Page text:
Day 7

Breakfast at St. John the Baptist in Edmundston
Today was another good day. As some of you may recall last night I mentioned that I had hurt my foot. The good news is that after icing it and making adjustments to my footwear, a short walk around Grand Falls this morning eased it considerably and we were not delayed at all. After lunch we walked from St. Paul’s, Limestone Siding, to St. Ansgar’s in New Denmark. It was a beautiful walk. The sun shone, there was a gentle breeze and we were able to move along quite quickly.

Heading off from St. Paul in Limestone Siding
We had our first lung bursting stretch of the pilgrimage today. We began our walk by the St. John River, but New Denmark is high above the water, about 150 metres. The only way to get up is to climb. We decided to take the shortest, but steepest route, Lucy’s Gulch. It is an asphalt road but requires a great deal of breath to complete it; the good news is we made it.

This morning in Grand Falls the water was rushing through the dam. It was not as fierce as it had been about three weeks ago, but still pretty spectacular. As we walked around the Falls we came upon a a stone memorial with a poem written on all four sides. It was dedicated to those who worked on the second bridge across the river in the 1920s. It was a fascinating account of human hubris. The writer was certain, the building of this great structure showed the ability of people to control and defeat nature.

As the 20th century passed it became more and more obvious that human ability, though capable of wonderful things, is not able to exercise the control it once thought. The optimism of the 19th century, which dissipated over the following 100 years has left us with many scientific and technological advances, but very little in the way of meaning and security.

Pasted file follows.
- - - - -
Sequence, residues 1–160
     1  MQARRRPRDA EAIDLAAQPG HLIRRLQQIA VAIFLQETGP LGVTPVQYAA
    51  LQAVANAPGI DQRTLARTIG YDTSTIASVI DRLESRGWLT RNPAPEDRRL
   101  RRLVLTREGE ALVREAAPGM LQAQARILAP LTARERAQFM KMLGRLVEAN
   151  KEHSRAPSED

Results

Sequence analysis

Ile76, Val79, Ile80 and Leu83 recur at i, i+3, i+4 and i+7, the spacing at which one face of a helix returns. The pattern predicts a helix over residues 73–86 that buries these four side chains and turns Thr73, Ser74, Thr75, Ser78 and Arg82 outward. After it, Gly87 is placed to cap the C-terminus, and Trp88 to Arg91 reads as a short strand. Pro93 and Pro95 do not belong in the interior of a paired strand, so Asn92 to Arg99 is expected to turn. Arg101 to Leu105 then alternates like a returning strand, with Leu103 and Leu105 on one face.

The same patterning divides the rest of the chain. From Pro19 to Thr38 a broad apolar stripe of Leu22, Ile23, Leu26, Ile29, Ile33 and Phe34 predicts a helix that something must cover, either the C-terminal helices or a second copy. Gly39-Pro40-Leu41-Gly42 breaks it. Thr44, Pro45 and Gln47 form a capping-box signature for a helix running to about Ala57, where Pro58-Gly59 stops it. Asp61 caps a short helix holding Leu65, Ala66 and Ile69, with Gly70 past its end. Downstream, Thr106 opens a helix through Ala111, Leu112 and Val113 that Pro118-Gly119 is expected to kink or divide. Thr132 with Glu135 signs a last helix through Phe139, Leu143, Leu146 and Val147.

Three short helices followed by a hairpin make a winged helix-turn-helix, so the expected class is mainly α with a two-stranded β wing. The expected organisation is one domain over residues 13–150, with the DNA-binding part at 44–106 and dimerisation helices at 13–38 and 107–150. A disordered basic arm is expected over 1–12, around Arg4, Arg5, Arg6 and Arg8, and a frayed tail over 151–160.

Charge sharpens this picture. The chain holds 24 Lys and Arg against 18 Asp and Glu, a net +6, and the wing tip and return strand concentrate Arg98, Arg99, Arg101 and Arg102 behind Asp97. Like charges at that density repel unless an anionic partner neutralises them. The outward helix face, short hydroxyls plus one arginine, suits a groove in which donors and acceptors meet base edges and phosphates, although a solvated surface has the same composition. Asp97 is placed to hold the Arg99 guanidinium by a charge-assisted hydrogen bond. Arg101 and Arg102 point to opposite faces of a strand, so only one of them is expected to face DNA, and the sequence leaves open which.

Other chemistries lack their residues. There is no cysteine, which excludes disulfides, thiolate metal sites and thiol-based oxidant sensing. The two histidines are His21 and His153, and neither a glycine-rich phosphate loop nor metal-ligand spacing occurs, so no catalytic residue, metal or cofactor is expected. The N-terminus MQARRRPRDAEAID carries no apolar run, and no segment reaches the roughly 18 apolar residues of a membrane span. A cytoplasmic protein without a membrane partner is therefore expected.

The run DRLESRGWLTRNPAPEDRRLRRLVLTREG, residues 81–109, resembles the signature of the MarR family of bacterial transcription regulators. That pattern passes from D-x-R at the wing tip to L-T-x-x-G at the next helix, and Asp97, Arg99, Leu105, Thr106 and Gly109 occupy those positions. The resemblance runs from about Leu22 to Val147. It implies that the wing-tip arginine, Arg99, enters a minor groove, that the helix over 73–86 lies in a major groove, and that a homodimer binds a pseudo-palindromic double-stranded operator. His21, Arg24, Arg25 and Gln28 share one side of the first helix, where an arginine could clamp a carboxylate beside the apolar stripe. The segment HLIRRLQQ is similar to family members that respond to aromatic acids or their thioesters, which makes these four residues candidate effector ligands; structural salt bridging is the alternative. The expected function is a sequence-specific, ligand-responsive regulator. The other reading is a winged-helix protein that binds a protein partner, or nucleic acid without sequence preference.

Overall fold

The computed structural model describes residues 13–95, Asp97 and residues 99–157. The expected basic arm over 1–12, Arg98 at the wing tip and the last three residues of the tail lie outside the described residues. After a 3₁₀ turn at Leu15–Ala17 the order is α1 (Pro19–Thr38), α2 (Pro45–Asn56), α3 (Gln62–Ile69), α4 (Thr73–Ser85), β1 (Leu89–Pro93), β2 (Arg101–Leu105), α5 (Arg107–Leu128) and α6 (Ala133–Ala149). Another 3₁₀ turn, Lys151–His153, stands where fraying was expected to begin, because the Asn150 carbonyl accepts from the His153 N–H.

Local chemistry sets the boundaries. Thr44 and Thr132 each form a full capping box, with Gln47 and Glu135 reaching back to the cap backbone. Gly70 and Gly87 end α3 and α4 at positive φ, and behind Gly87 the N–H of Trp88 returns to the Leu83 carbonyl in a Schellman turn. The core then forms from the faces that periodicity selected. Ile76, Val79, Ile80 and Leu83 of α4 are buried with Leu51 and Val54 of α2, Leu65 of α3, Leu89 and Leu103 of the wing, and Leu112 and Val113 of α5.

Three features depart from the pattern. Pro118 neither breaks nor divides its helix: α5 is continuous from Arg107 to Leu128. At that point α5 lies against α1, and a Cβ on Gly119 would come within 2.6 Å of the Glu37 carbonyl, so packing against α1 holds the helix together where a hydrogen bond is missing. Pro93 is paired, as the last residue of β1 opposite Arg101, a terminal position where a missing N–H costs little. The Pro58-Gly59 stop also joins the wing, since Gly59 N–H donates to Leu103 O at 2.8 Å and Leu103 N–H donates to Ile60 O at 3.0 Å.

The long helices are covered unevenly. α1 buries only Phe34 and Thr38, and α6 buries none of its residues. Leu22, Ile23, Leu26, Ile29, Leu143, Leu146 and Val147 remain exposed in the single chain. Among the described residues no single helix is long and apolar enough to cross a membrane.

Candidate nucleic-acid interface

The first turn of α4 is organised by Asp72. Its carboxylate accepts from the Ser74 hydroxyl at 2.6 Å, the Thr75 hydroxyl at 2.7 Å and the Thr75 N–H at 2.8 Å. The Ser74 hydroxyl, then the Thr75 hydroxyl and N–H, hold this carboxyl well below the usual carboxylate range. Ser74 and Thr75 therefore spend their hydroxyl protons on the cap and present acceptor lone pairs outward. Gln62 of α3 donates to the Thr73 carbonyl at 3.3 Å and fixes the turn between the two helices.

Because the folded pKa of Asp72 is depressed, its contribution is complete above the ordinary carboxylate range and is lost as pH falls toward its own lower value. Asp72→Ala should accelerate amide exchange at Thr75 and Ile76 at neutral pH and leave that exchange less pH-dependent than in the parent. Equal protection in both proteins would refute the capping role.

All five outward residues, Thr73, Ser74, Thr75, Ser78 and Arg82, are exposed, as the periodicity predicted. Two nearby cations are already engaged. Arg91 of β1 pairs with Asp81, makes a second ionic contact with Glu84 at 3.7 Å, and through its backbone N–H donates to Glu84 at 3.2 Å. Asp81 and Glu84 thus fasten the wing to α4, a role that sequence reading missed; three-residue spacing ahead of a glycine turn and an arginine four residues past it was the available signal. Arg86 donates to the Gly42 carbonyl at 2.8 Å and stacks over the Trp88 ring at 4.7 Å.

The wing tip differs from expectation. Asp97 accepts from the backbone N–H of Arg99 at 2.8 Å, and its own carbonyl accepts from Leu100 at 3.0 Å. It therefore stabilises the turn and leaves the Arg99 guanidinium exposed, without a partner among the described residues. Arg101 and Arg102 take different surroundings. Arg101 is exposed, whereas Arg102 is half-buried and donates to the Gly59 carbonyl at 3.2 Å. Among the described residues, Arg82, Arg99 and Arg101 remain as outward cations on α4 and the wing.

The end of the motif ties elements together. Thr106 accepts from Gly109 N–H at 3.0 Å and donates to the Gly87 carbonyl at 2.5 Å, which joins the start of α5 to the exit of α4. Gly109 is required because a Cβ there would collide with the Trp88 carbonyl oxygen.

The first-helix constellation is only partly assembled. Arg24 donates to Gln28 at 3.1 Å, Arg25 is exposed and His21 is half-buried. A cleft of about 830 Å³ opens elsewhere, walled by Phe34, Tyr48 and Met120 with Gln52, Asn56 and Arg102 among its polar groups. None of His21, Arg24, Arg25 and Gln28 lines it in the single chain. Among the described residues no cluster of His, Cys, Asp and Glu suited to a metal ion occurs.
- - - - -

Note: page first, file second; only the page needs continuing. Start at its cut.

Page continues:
The killing of God in western culture went alongside the promotion of human greatness. Once this was found to have feet of clay, what then? We are left with all manner of questions about the point of ourselves and the usefulness of the things we do. To many of us they seem to be random and without meaning. There is no overarching story into which they fit.

 
Walking through the natural world today it was possible to see God pointing towards himself. Despite what some might argue there is a sense of unity in the natural world which points to something that is not random, but which has a unity. It can be suggested that at the surface level there is a great diversity, yet in essence there is a unity of purpose which lies below. For example, much of nature exists to sustain life in all its various forms.

Tomorrow we leave here early in the morning to go to Licford to say our morning prayers. Then along the rail bed to Perth-Andover. It will be one of our longer walks, so we are hoping for good weather.

David

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